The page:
9/22/13

Autumnal Equinox


Fall arrives today, 9/22/13 at 4:44pm.


So what does "autumnal equinox" mean in general?

Equinox comes from the Latin words for "equi"="equal" + "nox"="night"
The equinoxes, therefore, mean "equal night". It refers to the two times in a year when, because of the tilt of the earth, the day and night hours are approximately equal.

[For more specifics, charts and graphs, see Wikipedia's page. ]

These balanced days occur in March and September, between the 20th and the 22nd, and they usher in the spring and fall seasons. After these periods of equal daylight and darkness, the amount of daylight either grows  or lessens. In the spring, the daylight increases until we reach the longest day of the year, the Summer Solstice. In the fall, daylight decreases until the shortest day of the year, the Winter Solstice.

These periods of light and dark are celebrated by many religions. Christianity anchors Easter and Christmas holidays to these dates. Wiccan and other pagan religions center their eight festivals around the solstices and equinoxes. See the Wheel of the Year for more information.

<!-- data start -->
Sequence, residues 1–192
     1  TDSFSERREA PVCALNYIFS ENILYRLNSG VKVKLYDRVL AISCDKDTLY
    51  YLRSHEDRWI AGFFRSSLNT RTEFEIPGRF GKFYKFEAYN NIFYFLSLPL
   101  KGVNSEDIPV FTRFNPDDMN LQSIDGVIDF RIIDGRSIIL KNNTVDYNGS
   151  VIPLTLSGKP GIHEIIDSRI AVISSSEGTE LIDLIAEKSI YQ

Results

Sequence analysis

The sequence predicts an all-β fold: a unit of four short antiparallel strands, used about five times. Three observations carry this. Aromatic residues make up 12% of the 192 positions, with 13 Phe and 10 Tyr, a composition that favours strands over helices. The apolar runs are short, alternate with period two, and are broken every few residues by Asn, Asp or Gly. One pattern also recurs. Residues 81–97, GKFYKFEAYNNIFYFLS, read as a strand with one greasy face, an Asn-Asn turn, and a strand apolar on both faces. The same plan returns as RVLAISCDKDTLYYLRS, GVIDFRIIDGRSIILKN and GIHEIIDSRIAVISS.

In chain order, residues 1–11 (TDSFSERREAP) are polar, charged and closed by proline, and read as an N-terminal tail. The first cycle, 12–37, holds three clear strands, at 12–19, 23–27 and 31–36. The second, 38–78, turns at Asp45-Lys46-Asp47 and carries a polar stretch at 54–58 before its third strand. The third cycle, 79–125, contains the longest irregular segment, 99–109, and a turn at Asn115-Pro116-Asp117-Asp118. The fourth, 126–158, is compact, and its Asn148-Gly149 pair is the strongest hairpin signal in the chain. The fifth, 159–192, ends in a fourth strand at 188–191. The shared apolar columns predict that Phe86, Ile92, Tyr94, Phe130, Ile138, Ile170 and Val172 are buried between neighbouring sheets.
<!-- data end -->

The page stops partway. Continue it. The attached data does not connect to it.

Autumnal equinox signals the beginning of the fall/autumn season. It's a time for harvest and preparation for the winter.
 

What does the Autumnal Equinox mean to you?

Besides the physical preparation for winter, ie. caulking drafty windows, bringing out the sweaters and warm clothes, eating heartier foods, etc., fall is a great time for reviewing your harvest. During the glow of the new year, what resolutions did you make? Did you follow through? What seeds did you sow for the future throughout the year? Did you grow your projects or neglect? What worked? What didn't work?

With the warmer part of the year behind us in the northern hemisphere, celebrate your harvest and plan to reflect on changes you might usher in after the winter solstice.

Some ideas to celebrate Fall:

In short, celebrate, harvest, reflect. I love the ideas here.

I'd love to hear from you. What will you do on this Fall Equinox?

 Learn more about Fall Equinox and other special days at Old Farmer's Almanac.




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